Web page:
Minimizing Conflict at Work


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Updated: 8/31/2012 3:17 pm Published: 8/31/2012 11:53 am



Monday is Labor Day – a national holiday to honor the working man and woman. That got us thinking: How happy are you? Good health, positive morale, and increased productivity are all benefits of being happy with your job. One major predictor of those who qualify themselves as happy at work is: Do you get along with your co-workers? If that answer is NO, Carrie Little from Family & Children’s Services visited GDGC to discuss how you can increase your chances of getting along with your co-workers.

First, even though it might seem that you can’t get along with certain people, you CAN practice a few techniques to maintain your sanity. In effect, these techniques will help to manage those difficult co-worker relationships. The first of those techniques is to speak less, and listen more.

When you speak less and listen more, you tend to remove your need to become defensive. You are able to think more, and take things personally less. When someone is ranting at you, or accusing you of something, or just running off at the mouth in general…the more you listen and the less you talk you are better able to keep control of your emotions. Remembering always: Don’t Take It Personally!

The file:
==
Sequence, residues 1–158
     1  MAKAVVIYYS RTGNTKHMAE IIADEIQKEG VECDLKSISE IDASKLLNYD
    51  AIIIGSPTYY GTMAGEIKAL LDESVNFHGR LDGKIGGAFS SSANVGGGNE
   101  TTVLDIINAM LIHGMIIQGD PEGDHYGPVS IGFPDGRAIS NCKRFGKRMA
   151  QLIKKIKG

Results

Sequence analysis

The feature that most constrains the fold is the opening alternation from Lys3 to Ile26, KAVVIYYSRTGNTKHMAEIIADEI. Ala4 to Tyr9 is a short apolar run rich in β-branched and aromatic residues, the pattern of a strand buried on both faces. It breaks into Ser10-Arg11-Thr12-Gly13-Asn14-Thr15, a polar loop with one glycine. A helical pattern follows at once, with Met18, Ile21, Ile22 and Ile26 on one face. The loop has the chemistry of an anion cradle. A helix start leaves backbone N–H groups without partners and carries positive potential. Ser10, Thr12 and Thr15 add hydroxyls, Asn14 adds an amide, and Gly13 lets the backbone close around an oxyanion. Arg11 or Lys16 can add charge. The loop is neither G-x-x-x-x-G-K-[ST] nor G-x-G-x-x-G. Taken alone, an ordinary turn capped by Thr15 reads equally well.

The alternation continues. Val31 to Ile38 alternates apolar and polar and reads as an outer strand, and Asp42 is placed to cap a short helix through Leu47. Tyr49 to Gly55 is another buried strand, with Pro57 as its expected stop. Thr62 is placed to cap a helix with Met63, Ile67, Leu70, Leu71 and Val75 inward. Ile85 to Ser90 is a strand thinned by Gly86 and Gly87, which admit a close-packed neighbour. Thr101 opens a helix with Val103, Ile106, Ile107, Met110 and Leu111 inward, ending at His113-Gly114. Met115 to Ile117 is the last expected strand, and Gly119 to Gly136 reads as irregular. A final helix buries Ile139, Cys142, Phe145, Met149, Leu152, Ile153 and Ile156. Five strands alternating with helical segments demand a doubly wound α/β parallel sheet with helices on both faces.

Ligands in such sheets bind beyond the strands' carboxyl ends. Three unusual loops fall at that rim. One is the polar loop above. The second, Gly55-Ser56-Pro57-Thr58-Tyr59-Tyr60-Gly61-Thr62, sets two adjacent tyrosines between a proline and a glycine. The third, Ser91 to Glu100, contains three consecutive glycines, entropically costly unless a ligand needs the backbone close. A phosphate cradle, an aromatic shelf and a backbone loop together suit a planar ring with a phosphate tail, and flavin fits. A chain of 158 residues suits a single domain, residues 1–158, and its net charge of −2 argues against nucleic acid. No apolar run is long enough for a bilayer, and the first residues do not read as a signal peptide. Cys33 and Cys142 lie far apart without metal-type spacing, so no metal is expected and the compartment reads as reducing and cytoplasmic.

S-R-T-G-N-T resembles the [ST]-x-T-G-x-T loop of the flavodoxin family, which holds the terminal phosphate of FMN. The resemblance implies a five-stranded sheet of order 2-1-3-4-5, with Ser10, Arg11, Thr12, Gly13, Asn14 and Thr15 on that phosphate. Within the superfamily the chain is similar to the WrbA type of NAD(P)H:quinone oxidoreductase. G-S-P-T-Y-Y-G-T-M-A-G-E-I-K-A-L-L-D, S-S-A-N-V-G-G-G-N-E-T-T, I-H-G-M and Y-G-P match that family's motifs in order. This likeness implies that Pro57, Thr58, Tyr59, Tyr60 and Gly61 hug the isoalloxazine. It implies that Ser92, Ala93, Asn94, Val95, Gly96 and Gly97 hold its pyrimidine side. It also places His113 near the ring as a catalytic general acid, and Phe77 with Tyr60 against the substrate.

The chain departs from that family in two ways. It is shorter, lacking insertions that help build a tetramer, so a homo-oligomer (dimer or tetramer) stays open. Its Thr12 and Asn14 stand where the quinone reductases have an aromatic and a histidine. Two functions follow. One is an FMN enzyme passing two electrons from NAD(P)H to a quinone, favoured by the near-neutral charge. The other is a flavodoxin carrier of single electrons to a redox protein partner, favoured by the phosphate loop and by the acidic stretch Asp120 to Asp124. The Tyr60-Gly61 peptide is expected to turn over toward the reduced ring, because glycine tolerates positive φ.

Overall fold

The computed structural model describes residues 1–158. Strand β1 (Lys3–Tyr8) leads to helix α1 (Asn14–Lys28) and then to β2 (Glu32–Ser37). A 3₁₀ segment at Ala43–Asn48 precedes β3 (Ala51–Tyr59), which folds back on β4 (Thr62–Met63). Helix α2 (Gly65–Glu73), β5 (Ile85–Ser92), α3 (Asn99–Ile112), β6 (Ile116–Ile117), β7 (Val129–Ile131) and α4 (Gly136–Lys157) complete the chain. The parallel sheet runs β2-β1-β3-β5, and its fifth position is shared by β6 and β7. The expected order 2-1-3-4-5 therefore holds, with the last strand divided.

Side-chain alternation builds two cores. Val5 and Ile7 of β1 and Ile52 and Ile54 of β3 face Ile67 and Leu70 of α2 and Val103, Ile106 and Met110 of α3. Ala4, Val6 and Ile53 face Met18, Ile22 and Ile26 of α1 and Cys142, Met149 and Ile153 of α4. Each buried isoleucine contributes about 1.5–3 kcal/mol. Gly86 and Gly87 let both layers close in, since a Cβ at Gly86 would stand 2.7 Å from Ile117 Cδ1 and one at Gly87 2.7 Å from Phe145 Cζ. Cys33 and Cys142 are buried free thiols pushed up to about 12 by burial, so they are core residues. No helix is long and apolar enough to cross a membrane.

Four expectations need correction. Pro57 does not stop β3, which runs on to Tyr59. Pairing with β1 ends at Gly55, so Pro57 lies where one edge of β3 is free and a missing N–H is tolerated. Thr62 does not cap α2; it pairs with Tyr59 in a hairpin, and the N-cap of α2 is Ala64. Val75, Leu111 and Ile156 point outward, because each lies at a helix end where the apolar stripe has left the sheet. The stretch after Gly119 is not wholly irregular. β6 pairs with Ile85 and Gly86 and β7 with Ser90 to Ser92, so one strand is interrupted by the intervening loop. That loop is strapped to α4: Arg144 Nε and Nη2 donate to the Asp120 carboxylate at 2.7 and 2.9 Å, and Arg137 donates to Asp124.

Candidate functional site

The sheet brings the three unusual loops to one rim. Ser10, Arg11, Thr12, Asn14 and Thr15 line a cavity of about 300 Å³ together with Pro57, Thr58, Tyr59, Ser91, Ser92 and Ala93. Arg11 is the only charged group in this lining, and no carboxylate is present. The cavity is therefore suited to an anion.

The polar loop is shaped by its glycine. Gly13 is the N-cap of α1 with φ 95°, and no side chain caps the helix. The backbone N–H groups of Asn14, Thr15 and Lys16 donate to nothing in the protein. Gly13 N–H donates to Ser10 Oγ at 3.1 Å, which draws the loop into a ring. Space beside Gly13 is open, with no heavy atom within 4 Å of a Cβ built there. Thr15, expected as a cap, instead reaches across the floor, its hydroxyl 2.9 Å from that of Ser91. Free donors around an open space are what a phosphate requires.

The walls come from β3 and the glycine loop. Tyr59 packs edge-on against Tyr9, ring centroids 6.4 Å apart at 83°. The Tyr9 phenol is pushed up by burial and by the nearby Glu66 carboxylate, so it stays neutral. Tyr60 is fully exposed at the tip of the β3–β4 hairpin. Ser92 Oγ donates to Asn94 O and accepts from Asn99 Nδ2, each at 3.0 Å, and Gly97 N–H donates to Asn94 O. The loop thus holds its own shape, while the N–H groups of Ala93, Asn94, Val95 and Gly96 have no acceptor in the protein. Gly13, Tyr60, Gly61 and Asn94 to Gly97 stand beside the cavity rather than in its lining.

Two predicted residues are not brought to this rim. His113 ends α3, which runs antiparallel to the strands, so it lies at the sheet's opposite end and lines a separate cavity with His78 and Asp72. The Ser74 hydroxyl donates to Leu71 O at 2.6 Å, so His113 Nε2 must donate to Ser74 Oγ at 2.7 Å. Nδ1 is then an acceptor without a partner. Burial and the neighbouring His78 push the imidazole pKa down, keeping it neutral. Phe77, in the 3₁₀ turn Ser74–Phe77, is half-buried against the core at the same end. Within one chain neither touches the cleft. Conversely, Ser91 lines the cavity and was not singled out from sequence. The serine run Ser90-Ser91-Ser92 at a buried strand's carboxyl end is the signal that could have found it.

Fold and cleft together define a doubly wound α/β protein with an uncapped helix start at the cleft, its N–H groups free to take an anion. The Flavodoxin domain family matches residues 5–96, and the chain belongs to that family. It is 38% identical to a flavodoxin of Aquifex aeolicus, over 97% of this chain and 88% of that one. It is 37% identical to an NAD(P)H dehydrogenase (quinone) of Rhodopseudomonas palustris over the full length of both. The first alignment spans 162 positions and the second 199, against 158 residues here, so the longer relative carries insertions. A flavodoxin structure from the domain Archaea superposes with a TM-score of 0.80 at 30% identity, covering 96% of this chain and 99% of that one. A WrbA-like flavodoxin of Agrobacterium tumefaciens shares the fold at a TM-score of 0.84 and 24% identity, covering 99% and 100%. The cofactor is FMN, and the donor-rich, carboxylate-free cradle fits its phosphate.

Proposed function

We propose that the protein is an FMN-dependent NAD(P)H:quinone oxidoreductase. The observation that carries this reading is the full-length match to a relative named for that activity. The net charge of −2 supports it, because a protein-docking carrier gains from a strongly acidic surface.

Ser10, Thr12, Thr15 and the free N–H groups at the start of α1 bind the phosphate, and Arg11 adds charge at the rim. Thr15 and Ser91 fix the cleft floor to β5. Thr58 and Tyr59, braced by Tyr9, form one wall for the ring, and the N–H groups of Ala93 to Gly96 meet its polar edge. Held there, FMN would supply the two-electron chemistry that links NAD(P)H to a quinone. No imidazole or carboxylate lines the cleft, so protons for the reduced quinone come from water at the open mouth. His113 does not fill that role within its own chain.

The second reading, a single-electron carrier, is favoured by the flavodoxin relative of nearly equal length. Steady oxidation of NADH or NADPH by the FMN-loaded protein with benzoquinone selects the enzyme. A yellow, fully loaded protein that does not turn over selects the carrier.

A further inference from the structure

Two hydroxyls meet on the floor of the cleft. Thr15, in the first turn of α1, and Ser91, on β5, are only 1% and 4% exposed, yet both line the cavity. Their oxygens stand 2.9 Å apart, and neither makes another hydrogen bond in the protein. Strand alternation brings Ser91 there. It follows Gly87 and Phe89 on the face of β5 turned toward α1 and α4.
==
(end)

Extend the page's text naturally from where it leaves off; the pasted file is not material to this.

Also, remember that you have the power to make your day what you want it to be. Your daily actions signal to others the level of personal respect that you hold for them. Understanding that what you do matters can increase your personal awareness and give you more control over the direct, indirect, or unspoken signals you send to others. It can lead you to make improvements in your relationships and increase your happiness at work. This awareness is the key to minimizing strife and hostility, and to increasing the courtesy and mutual respect all of us want from each other.

Especially sensitive to this time of year, avoid talking about politics at work. While a certain amount of political discussion at work is unavoidable, it’s not surprising that such talk often leads to heated and emotional argument. Political viewpoints often serve as umbrellas that cover a spectrum of deeply held personal beliefs that are formed by an individual’s religion, culture, upbringing, economic class and other influences. Be mindful that others think and act differently than you, and remember that mutual respect is key. Keep topics at work work-related, and you will find that you will be less stressed.

Family & Children’s Services has a number of classes to help people manage relationships in their lives and offers individual, couples, family and group counseling too. For more information, call 918.587.9471.

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